The observant walker can still find traces of old charcoal stacks and huts along the path to Røa. At Vassvikstjønna is a stack that for some reason was never burned and has now been preserved.
In the kingdom of brown bear and golden eagle
Both brown bear and wolverine live in Femundsmarka, and lynx and wolf occasionally pass through the area. Golden eagle and gyrfalcon breed here and there are several pairs of osprey. Other birds include black-throated and red-throated diver. The most common ducks are goldeneye and teal.
Prehistoric animals on the border
A small flock of musk oxen are found in the northern part of Femundsmarka around the river Mugga and Mount Skedbrofjellet. They are usually here in the summer and in winter they move a little further east to the Swedish side.
If you meet a musk ox – stay calm and keep a distance of at least 200 metres. This is for their safety as well as your own! Musk oxen can charge if they feel threatened. If they are frightened and run away, a pregnant cow may lose her calf.
The southern part of Femundsmarka in Hedmark County is part of the Elgå reindeer grazing district. The area provides all year round pasture for the Svahken Sijte Sami village reindeer. The northern part of Femundsmarka in Sør-Trondelag is part of the Femund reindeer grazing district. The area provides winter pasture for reindeer from the Saanti Sijte and Gåebrien Sijte Sami villages.
Two national park centres
Femundsmarka has two visitor centres. One is in Røros, based in the building called Stenhus in the Doktortjønna outdoor recreation area. Here you find an exhibition and other information about national parks in general and Femundsmarka in particular. The recreation area is especially welcoming for families with children.
The other centre is in Elgå, south of Femundsmarka National Park. A new attractive building houses exhibitions and information about Femundsmarka and Gutulia national parks.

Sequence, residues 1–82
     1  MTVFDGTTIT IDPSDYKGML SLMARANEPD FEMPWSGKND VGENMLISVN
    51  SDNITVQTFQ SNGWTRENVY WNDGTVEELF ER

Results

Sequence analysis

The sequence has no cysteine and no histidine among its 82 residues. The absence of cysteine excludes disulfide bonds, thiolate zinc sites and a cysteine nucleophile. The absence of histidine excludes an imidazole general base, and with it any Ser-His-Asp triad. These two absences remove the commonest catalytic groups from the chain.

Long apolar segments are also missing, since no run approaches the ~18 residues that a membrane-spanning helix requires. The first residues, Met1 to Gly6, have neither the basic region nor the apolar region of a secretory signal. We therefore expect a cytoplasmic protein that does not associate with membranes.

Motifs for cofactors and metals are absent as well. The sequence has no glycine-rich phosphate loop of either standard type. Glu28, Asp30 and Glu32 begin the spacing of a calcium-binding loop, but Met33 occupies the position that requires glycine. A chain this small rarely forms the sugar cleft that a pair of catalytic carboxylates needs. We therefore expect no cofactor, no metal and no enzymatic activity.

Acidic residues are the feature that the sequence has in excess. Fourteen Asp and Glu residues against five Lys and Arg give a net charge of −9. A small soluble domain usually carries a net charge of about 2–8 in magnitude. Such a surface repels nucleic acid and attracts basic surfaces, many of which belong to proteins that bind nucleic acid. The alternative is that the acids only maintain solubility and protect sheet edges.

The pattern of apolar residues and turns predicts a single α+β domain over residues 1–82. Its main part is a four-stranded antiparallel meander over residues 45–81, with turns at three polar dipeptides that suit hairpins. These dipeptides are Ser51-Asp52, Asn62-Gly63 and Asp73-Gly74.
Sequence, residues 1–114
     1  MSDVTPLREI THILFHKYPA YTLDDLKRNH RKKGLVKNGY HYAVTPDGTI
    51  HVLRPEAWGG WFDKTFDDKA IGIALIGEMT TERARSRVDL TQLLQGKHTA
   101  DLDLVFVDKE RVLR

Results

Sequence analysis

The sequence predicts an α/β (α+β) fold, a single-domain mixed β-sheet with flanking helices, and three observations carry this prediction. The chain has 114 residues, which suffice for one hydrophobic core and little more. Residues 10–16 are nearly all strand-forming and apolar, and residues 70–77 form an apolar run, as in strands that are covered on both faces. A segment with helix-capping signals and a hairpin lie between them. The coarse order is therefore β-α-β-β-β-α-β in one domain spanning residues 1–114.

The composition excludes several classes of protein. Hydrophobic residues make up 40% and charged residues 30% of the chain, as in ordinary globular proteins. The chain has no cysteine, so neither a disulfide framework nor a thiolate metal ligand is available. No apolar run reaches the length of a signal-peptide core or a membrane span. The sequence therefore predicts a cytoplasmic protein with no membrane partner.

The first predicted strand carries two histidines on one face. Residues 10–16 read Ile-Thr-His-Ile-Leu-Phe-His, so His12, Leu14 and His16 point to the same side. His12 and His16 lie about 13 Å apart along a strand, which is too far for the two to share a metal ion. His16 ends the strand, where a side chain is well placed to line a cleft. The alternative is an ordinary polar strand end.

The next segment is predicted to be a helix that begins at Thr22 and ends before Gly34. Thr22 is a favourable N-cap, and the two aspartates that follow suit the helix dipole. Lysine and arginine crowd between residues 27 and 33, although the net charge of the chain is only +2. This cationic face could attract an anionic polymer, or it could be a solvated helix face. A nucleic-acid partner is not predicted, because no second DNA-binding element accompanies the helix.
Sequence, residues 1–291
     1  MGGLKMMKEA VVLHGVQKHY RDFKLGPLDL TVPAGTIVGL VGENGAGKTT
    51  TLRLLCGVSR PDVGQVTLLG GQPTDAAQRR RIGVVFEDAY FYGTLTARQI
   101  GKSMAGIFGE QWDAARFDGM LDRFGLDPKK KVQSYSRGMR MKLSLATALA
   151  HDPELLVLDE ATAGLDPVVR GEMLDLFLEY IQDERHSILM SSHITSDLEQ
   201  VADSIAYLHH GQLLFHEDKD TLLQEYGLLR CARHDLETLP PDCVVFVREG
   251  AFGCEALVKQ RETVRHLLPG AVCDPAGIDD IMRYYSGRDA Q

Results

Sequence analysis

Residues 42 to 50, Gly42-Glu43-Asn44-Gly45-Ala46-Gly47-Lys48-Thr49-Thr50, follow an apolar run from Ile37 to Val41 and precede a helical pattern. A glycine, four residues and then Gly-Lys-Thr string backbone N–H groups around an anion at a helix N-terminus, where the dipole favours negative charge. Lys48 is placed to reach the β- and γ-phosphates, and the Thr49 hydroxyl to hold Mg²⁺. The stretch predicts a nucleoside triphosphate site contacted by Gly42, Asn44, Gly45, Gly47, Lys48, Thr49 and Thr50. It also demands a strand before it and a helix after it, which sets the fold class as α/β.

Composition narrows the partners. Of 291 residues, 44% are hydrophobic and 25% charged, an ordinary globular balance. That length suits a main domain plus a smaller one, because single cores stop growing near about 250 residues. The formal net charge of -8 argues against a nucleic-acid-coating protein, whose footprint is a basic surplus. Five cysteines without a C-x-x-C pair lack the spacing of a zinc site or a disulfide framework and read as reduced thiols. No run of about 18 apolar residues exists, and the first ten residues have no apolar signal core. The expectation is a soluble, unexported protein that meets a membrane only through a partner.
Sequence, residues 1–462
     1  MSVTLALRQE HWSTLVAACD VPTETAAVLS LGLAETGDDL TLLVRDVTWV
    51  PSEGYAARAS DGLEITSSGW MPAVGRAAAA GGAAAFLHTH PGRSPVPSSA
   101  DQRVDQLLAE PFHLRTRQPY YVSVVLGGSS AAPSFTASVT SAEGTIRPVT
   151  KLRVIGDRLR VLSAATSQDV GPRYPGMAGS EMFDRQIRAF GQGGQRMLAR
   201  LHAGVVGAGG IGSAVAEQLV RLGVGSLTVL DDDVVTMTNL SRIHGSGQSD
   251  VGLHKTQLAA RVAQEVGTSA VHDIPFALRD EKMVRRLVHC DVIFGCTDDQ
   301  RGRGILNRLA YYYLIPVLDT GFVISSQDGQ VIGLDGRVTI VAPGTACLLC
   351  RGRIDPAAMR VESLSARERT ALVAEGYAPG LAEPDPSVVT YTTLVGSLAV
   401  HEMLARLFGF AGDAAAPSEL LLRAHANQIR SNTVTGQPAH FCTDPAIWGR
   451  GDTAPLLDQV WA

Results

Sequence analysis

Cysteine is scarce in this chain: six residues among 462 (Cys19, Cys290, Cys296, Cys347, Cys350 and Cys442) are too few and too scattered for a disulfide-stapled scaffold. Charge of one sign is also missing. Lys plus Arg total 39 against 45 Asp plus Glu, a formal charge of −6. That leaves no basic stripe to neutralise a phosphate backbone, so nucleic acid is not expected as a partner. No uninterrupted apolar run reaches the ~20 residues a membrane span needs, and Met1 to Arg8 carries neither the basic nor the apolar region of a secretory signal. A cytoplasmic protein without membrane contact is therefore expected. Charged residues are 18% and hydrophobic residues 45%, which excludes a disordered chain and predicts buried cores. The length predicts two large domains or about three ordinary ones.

Lauritzen, P. R. & Vangen, O. 2007: Femundsmarka och Gutulia. Norges Nasjonalparker. Den Norske Turistforening og Statens naturoppsyn/ Direktoratet for naturforvaltning.
Myhr, E. (red.) 1998: Rondane og Femundsmarka med tilgrensende fjellstrøk. Gyldendals fjellguider. Monsen, L. & Strømdahl, T. 2009: Femunden Villmark. Larsforlaget.
Åsheim, S. P. (red.) 1987: Femundsmarka og omkringliggende fjellstrøk. Den Norske turistforenings årbok.
Visitors are permitted to:
- go anywhere on foot or ski.
- pick common plants, berries and fungi for own use.
- pitch a tent, but not for longer than one week in the same place without permission from the County Governor of Hedmark.
- fish subject to regulations.
- cautiously light a fire with dry branches, or your own logs, but remember the general ban on lighting fires in Norwegian forests from 15 April to 15 September.
Visitors are not permitted to:
- damage land, rocks or vegetation.
- damage living trees, dead trees or fallen tree trunks.
- disturb animal life.
- pollute or leave litter.
- damage cultural monuments.
- drive motor vehicles, cycle or ride horses.
- use motor-powered ice drills.
- camp for more than a week in one spot.
- camp on islands.
There are also other laws and regulations to consider.
The purpose of the protection is
- to preserve a large, contiguous and essentially untouched forest and mountain area.
- to preserve landscape formations, which includes for example the distinctive dead ice landscape with boulders, moraine ridges, lakes and watercourses.
- to preserve the natural biological diversity with a unique flora and fauna.
Year: Established in 1971 and extended in 2003
Name: Femundsmarka National Park
Area: 573 square kilometres
Municipalities: Røros and Engerdal
Counties: Hedmark and Sør-Trøndelag
Landowner: Predominantly public land, certain parts private land
Nature conservation manager: County governors of Hedmark and Sør-Trøndelag
Supervision, safety regulations: Norwegian Nature Inspectorate.